What the Future of Las Vegas Might Look Like in a COVID-19 World

Welcome to Las Vegas SignIt’s been over seven weeks since Las Vegas was effectively shut down per the state’s mandated casino closure order, and the bustling city has never been so quiet.

Nevada Governor Sisolak had casinos across the Las Vegas Strip and the entire state closed mid-March, and it was the reason for the major decline in visitors compared to the same time last year. In March 2019, Las Vegas saw over 3.6 million visitors. This March saw more than half of that number drop, with 1.5 million visitors.

But reduced visitation wasn’t the only blow to the city; its entire industry was crippled. Nevada’s economy has been the most impacted throughout the country, and it’s no wonder why. A city built on tourism, hospitality, and more recently, sports, was sure to lose its ground when the coronavirus closures pulled the rug up from under the city.

With nearly 40% of Southern Nevada’s workforce in the hospitality and leisure sector, it resulted in a tidal wave of lost jobs, from layoffs to furloughs. Since the beginning of March, almost 419,000 Nevadans have filed for unemployment.

As of now, the Nevada Gaming Control Board has set no concrete date for casinos, however, guidelines for reopening were approved last Thursday, which is a big step forward. Governor Sisolak also announced last Thursday that Nevada was entering into Phase 1 of its reopening plan.

Phase 1 kicked off May 9 and allowed for retail businesses, restaurants, barbershops, hair and nail salons to open their doors to 50 percent of their allowed capacities, per the local fire code. Other coronavirus measures were advised, such as ensuring staff and visitors wear masks and follow social distancing guidelines.

How Might Reopening During the Pandemic Affect Las Vegas?

With casinos still closed and the state only being in Phase 1 for three days, it’s hard to predict what a complete reopening for Las Vegas will look like right now. So far, casinos nationwide are still shut down, so there’s been no immediate example to look on and learn from just yet.

The closest model that casino operators have to follow was the reopening of casinos in Macau, China in late February. Through that example, many Las Vegas properties have been taking note of which safety protocols to adopt and implement.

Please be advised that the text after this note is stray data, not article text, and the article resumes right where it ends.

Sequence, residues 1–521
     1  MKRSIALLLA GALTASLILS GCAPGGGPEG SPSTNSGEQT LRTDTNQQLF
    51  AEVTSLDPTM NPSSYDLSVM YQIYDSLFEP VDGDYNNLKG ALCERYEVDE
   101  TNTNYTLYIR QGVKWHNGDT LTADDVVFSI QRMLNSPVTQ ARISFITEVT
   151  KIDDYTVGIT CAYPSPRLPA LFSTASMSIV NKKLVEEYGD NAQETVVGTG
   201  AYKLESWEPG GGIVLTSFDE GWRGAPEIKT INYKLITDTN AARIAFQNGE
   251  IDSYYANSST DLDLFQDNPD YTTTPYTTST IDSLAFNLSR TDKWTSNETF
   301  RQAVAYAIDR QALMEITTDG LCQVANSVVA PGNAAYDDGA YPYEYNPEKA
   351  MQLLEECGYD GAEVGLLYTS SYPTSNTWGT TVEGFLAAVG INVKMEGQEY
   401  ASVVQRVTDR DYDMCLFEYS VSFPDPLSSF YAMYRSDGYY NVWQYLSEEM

Those protocols include rearranging casino floors to support social distancing, enforcing that staff, and guests, wear personal protective equipment (PPE) like face masks and performing noninvasive temperature checks on every entrant to the casino property.

Much of Las Vegas’ ability to rebound post-shutdown will depend on casino operators ensuring that their properties are a safe space to return to, for both staff and guests, and the confidence of guests not only traveling to Las Vegas but feeling comfortable being in a tourist city where people will be all abound.

Keith Smith, president and CEO of Boyd Gaming, believes the valley’s local casinos will be instrumental for pulling the city back up by its bootstraps. With the local casinos not seeing many international visitors, and seeing guests who are able to drive to visit the properties versus flying to get there, it seems like a win-win situation for wary gamblers who are ready to return to live casinos.

Industry Workers Worry About Their Future in Las Vegas

Many industry workers who directly lost jobs because of the casino closures say they can’t afford to wait and see if they’ll get their jobs back and have begun looking into alternative career opportunities to support themselves.

One party dancer at the Flamingo Hotel and Casino, Nicolette Pantaleo, told the Los Angeles Times that she “doesn’t have the desire to dance anymore.”